Friday, 26 November 2010

Where has all the money gone?

At the risk of sounding like one of those "in my day" boring old farts, I'm just wondering where the heck all of the money paid to the Government goes.

During my lifetime, the following money grasping methods spring to mind, although I'm sure there are far more:

  • VAT - introduced (I believe) in the 70's, initially at a rate of 10%. We are now facing another VAT rise to 20%. And we now pay VAT on home energy bills too (which used to be exempt from VAT);
  • MIRAS - this mortgage tax relief was done away with several years ago;
  • Free eye tests and free dental check-ups - done away with (apart from those on benefits) some years ago;
  • Having to pay to get money out of the bank - this is a clever little trick, given that most people have their wages paid straight into the bank (which incidentally swells the Bank of England's cashflow no end). I guess that most readers aren't aware that wages used to be paid in cash, in a little brown envelope with the edges of the notes neatly folded over the edge, so that the employee could check his money before opening the envelope;
  • Education - grants for university education are long gone. Ok, so going back 20 years, only 10% of school leavers went to uni, but nevertheless;
  • Parking - used to be free in most small towns. My local town now charges circa £1.20 an hour. There are 60 empty shops in the town centre, the town's Marks and Spencer are losing £1000 a day, due to the re-development of the nearby car-park (sold off for building). The M & S has a sizable food department and people just can't trundle their groceries across town to the car-park. I guess there will be 61 empty shops soon. My local town is just one of hundreds suffering the same hardship;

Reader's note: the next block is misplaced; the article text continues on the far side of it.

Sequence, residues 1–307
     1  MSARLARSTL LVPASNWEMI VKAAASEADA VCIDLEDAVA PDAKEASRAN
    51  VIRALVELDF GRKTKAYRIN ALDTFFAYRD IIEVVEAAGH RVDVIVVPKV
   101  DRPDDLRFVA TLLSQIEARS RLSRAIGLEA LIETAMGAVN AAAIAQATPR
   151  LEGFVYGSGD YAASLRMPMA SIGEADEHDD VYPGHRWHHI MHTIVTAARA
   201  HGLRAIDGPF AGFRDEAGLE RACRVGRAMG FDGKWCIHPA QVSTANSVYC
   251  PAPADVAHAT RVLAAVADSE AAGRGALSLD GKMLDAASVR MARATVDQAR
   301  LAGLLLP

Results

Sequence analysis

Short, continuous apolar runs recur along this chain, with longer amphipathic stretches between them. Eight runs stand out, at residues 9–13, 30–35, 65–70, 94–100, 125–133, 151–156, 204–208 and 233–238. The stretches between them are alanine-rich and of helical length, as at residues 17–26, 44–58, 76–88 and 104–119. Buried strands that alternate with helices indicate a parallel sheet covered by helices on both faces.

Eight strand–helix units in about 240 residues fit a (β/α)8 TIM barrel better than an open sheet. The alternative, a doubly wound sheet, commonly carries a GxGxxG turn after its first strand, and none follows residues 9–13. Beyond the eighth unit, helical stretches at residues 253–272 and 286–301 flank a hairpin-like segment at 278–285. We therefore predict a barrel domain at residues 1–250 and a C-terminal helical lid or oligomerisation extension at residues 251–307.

• Amenities - my local town has no public toilets, there used to be three sites, but one by one the Council have closed them. A local hospital was sold off for building and the town has no public funded sports facilities. There is one sports centre two miles out of town, which is attached to a school. It was old and inadequate 20 years ago, it's dropping to bits and a joke now. Again, this is just one of many towns that are in rapid decline;
  • Housing - well, what can we say, the Government have washed their hands of it altogether really. This harks back to my recent post about section 106 agreements - most new housing developments have an obligation to provide a percentage of affordable housing (usually 15 - 20% or so). The building of new schools is often burdened on the developers too. Developers are often obliged to contribute sizeable sums to 'local' existing amenities too - ranging from public transport to parks and play areas;
  • Council tax - I don't imagine that there are many people who are better off since the abolition of rates some years ago. The extra revenue must equate to many, many millions;